Scott Lear

Study finds Canadian life deadly for immigrants

November 27, 2008

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A new study led by SFU researcher Scott Lear suggests that the longer immigrants remain in Canada, the worse their cardiovascular health becomes.

"The health of immigrants coming to Canada from China, South Asia or Europe worsens with each decade they stay in the country," says Lear, who reported his research team’s findings during the Canadian Cardiovascular Congress in Toronto Oct. 25-26.

The high stress of re-establishing in a new country, changing eating habits and language barriers that may impede access to proper health services are potential contributors to the immigrant’s heart-health decline, the study suggests.

Lear says that while immigrants are typically in good health when they arrive in Canada and even tend to have healthier hearts than native-born Canadians, their cardiovascular risk increases as time goes on.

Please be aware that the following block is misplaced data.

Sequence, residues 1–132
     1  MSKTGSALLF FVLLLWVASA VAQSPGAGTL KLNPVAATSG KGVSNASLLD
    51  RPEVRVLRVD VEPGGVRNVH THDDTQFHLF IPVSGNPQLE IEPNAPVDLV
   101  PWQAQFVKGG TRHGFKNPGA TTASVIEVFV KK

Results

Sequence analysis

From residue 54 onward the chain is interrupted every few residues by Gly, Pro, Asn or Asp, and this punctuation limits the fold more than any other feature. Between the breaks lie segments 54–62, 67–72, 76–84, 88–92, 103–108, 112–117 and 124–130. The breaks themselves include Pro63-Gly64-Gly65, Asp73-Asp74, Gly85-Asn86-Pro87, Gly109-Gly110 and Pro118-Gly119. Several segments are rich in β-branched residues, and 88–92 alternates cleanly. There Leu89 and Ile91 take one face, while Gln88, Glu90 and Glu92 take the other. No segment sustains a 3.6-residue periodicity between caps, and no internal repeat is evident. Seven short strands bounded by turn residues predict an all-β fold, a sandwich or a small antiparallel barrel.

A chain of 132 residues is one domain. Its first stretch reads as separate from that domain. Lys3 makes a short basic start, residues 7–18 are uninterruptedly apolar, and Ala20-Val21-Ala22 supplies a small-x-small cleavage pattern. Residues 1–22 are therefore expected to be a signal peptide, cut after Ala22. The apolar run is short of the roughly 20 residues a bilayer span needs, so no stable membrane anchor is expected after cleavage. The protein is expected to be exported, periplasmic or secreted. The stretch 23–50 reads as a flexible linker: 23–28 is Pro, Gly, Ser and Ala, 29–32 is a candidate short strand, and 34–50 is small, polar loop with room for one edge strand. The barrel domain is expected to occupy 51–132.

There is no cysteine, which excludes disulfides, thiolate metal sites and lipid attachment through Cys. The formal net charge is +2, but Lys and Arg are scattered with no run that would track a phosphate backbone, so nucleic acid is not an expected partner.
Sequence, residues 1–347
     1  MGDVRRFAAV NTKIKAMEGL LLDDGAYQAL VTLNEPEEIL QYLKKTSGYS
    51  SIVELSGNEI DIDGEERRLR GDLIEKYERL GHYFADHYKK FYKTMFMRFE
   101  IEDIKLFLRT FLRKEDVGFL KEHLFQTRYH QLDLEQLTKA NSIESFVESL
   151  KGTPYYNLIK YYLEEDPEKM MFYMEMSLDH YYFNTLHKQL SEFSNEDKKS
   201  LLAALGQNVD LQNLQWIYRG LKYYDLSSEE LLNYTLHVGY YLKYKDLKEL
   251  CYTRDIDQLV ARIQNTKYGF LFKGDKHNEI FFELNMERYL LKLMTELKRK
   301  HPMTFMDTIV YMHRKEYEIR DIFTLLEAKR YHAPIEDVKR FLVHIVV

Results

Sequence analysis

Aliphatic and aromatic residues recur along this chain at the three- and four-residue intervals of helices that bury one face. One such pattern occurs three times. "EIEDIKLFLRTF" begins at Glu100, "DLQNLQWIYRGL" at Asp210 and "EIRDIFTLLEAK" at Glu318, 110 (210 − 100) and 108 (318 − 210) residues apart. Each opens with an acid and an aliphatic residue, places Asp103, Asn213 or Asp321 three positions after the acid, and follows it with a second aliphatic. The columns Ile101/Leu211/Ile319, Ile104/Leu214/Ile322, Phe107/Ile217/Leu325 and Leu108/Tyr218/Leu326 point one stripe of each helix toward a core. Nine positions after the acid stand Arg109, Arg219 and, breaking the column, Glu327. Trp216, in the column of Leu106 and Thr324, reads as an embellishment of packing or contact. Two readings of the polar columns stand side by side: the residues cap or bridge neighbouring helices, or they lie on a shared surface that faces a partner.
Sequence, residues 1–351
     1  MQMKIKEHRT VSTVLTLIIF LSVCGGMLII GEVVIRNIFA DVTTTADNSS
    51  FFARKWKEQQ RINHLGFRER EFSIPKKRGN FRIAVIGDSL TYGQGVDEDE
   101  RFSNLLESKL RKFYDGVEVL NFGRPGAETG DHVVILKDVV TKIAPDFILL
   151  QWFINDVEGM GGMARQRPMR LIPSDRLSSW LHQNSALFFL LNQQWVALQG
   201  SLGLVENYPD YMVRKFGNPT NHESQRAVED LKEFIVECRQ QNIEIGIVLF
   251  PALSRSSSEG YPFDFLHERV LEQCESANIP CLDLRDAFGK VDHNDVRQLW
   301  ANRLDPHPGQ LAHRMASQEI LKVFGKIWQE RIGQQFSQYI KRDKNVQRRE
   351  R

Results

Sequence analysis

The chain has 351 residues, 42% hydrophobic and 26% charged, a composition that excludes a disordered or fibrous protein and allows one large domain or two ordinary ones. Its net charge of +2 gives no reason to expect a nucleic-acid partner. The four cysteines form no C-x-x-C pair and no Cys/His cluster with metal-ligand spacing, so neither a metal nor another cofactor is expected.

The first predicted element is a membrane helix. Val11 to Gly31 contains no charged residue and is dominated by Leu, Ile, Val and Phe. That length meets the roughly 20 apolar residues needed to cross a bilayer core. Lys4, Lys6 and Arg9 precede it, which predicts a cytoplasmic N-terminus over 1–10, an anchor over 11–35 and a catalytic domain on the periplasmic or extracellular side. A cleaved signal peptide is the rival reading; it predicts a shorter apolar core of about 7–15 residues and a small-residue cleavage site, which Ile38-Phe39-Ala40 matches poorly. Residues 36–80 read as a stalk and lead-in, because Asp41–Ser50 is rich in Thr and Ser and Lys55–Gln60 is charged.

"Immigrants are working two or three jobs when they first come here. They are striving to establish their families, and this is not easy. They tend to be disenfranchised from medical services and health care. Language is a big barrier for some, and cultural barriers are huge challenges, too."

Lear and his research team used ultrasound to measure atherosclerosis—a narrowing of the arteries, and a leading contributor to heart disease and stroke—in 618 Chinese, South Asian and European Canadians, of whom 460 were immigrants.

The researchers found that the narrowing or thickening of arteries progressed as their time in Canada increased. Lear says that for immigrants, time in Canada was a powerful potential risk factor regardless of age and other risk factors.

"There is something going on here – immigrants appear to be at a high risk, as far as the potential for heart disease is concerned, and should be targeted for prevention strategies."

Lear notes that Heart and Stroke Foundation Canada’s information about heart disease and stroke risk factors is now published in other languages.


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